Space, the Obama Way

Whit House issues National Space Policy for future, NASA key

nasa space
The White House this week issued a National Space Policy, a document that emphasizes the Obama administration's desire to further commercialize space but also to ensure that the US and international partners have unfettered access to outer space. 

The policy reflects and expands upon what the White House has been espousing about space and its own space agency, NASA,  since late 2009. 

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"We are proposing improved observation of the earth, to gain new insights into our environment and our planet. We set ambitious goals for NASA: ramping up robotic and human space exploration, with our sights set on Mars and beyond, to improve the capacity of human beings to learn and work safely beyond the Earth for extended periods of time, " President Obama said in a written White House statement. 

According to the National Policy: " The legacy of success in space and its transformation also presents new challenges. When the space age began, the opportunities to use space were limited to only a few nations, and there were limited consequences for irresponsible or unintentional behavior. Now, we find ourselves in a world where the benefits of space permeate almost every facet of our lives. The growth and evolution of the global  economy has ushered in an ever-increasing number of nations and organizations using space. The now ubiquitous and interconnected nature of space capabilities and the world's growing dependence on them mean that irresponsible acts in space can have damaging consequences for all of us. For example, decades of space activity have littered Earth's orbit with debris; and as the world's space-faring nations continue to increase activities in space, the chance for a collision increases correspondingly." 

The policy goes onto define key US goals in future space development:  

  • Energize competitive domestic industries to participate in global markets and advance the development of: satellite manufacturing; satellite-based services; space launch; terrestrial applications; and increased entrepreneurship. 
  • Expand international cooperation on mutually beneficial space activities to: broaden and extend the benefits of space; further the peaceful use of space; and enhance collection and partnership in sharing of space-derived information.
  • Strengthen stability in space through: domestic and international measures to promote safe and responsible operations in space; improved information collection and sharing for space object collision avoidance; protection of critical space systems and supporting infrastructures, with special attention to the critical interdependence of space and information systems; and strengthening measures to mitigate orbital debris.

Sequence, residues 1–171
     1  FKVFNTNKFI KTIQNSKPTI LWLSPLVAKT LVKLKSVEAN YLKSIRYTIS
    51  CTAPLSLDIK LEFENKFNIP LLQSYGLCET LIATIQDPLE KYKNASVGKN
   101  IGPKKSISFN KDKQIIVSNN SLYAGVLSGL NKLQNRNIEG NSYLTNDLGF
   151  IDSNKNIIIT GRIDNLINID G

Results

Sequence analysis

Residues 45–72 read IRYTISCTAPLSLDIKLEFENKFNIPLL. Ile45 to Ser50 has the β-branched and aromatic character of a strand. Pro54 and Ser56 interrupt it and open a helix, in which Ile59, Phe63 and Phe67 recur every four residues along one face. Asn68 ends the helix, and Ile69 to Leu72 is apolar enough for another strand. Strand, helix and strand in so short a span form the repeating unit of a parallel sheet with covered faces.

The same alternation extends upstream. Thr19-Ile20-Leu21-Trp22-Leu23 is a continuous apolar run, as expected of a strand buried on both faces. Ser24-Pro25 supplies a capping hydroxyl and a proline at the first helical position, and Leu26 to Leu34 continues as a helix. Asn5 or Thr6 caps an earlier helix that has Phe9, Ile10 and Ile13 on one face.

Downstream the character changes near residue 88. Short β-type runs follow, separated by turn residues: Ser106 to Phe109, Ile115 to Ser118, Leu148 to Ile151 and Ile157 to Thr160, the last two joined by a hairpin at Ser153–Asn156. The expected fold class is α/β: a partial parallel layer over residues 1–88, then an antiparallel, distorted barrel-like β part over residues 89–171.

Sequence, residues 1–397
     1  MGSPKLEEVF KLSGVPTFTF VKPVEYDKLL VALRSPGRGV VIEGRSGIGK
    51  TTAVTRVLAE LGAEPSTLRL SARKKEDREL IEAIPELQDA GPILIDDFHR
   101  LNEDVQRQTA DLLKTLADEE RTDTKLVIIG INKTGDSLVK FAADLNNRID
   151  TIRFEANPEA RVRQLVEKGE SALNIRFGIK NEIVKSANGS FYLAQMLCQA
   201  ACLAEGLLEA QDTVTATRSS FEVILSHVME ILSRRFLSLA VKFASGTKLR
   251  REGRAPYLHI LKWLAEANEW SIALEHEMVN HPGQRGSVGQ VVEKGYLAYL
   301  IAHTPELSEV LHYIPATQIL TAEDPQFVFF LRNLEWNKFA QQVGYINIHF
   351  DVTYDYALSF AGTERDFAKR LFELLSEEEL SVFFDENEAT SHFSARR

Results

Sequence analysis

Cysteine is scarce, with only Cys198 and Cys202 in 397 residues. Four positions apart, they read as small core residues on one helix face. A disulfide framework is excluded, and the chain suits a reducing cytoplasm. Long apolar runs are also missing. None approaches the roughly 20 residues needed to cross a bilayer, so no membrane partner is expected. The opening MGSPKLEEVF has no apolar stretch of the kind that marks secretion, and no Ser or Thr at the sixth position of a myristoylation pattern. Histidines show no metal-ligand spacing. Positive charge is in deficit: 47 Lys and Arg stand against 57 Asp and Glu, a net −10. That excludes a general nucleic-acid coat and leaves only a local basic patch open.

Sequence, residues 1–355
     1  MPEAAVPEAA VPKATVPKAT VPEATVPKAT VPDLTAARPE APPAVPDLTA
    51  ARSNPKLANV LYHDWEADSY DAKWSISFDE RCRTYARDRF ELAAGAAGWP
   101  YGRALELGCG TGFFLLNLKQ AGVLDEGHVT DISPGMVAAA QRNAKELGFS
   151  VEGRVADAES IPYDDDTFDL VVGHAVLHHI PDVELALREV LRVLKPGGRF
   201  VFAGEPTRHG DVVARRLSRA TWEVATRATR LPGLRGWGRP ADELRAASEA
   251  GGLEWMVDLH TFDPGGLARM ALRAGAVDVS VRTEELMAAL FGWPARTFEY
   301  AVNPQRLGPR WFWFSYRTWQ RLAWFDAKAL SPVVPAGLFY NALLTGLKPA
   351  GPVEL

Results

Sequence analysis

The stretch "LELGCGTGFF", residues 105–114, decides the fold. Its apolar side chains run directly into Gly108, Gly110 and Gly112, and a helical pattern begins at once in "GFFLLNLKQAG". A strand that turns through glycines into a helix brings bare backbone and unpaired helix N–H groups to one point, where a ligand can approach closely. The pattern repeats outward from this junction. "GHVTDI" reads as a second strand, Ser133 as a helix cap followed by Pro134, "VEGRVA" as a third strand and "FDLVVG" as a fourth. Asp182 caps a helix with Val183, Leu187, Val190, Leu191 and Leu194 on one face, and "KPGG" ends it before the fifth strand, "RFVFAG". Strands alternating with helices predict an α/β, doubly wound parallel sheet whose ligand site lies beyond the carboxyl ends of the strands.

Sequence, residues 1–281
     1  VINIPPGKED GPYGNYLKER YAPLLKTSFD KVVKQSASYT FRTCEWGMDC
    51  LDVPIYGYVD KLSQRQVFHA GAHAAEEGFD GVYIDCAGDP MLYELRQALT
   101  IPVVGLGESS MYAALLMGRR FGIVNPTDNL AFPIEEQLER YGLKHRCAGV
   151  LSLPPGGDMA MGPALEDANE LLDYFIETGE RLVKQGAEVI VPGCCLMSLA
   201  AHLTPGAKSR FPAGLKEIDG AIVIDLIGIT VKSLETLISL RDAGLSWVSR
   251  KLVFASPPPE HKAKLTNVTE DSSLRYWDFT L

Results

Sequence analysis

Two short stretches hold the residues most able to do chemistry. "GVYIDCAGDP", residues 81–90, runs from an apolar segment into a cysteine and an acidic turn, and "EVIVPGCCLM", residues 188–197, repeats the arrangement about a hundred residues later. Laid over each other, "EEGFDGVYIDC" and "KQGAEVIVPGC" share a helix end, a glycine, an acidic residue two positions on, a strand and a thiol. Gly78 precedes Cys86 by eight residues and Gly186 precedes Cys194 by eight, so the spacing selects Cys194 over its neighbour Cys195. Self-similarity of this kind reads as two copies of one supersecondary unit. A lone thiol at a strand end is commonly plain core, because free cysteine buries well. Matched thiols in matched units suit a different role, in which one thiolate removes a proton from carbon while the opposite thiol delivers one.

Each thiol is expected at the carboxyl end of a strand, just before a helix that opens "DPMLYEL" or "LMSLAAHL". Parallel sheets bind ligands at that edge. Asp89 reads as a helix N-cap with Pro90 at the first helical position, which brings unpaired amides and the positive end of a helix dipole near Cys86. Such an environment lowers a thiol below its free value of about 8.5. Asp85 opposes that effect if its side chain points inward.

• Increase assurance and resilience of mission-essential functions enabled by commercial, civil, scientific, and national security spacecraft and supporting infrastructure against disruption, degradation, and destruction, whether from environmental, mechanical, electronic or hostile causes. 
  • Pursue human and robotic initiatives to develop innovative technologies, foster new industries, strengthen international partnerships, inspire our Nation and the world, increase humanity's understanding of the Earth, enhance scientific discovery and explore our solar system and the universe beyond. 
  • Improve space-based Earth and solar observation capabilities needed to conduct science, forecast terrestrial and near-Earth space weather, monitor climate and global change, manage natural resources and support disaster response and recovery. 
  • Maintain and Enhance Space-based Positioning, Navigation, and Timing Systems. The United States must maintain its leadership in the service, provision, and use of global navigation satellite systems
  • Federal departments and agencies, in cooperation with industry and academia, shall establish standards, seek to create opportunities for the current space workforce, and implement measures to develop, maintain, and retain skilled space professionals, including engineering and scientific personnel and experienced space system developers and operators, in government and commercial workforces. 

Follow Michael Cooney on Twitter: nwwlayer8   

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